Just as the sun moved from secretive Scorpio into the intelligent, educated sign of Sagittarius, the intricacies of working out the algorithms to develop the bacteria in the final fermentation phase fell solely to Liz. She also had the final changes of the “water hornets” as Jo called them, to make and approve. By this time, even Benny could no longer follow the intricacies of physics and bio-chemistry to help her. And so she took over the downstairs study and the drafting table. Benny returned to his semi-hermit, gathering information that Liz needed, and looking for materials for the project. Jo could now be identified by the tech sweep security forces, and so Sarah became the factotum. She took the tiny Zip out to meet Benny in his new quarters and pick up samples for Liz or drawings for Alistair.
“I’ve got to send you to one of the black marketers,” Benny told her one day.
“Me?” she asked. “Alone?”
“He’s an old chemist. He won’t hurt you. He’s trying to finalize the nutritional broth for the bacteria for Liz. He has to turn over the samples and his latest test results.”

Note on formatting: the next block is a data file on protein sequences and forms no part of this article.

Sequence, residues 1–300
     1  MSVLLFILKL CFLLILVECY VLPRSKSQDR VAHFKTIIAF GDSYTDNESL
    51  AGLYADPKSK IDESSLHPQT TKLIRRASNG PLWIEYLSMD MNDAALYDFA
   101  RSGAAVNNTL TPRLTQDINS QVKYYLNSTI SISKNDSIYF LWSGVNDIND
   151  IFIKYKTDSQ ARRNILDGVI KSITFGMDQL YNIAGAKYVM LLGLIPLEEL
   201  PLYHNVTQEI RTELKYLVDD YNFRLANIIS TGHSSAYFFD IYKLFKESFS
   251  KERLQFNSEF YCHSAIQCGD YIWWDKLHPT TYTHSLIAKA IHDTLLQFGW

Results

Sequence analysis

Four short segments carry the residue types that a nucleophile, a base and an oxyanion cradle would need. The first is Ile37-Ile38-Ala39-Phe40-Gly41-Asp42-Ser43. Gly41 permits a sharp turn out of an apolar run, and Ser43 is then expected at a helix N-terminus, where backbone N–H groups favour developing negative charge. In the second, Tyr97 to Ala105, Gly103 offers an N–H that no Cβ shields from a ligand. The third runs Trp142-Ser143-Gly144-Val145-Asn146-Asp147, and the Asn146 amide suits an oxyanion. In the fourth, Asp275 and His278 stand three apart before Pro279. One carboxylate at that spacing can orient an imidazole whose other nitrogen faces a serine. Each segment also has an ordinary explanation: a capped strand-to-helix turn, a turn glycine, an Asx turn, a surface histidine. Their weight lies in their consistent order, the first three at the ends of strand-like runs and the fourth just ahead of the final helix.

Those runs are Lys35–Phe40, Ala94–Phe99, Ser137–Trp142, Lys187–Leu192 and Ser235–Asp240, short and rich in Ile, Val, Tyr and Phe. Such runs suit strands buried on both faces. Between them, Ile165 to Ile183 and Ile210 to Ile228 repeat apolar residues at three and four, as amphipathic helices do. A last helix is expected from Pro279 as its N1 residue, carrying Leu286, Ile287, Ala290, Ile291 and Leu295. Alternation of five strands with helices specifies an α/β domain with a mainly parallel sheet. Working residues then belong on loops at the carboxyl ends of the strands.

“Well if you know him, can’t you go?” she asked.
“You know the rules: twice only and then 10 weeks off,” he reminded her. His voice was cross. “It’s dangerous for me to be around those blokes. The security forces are looking for me. If I get pinched, they get pinched too. And you know I’d give in. And then Jo and the rest of you would get pinched soon enough. You’ve got to go.”
“As though I wouldn’t break too, if I were to get pinched,” she told him.
Her retort annoyed him more than she had ever seen before. “That gift that’s on you will protect you,” he told her, as though amazed that she should doubt that she enjoyed perfect safety and perfect immunity from all danger. “It has so far.”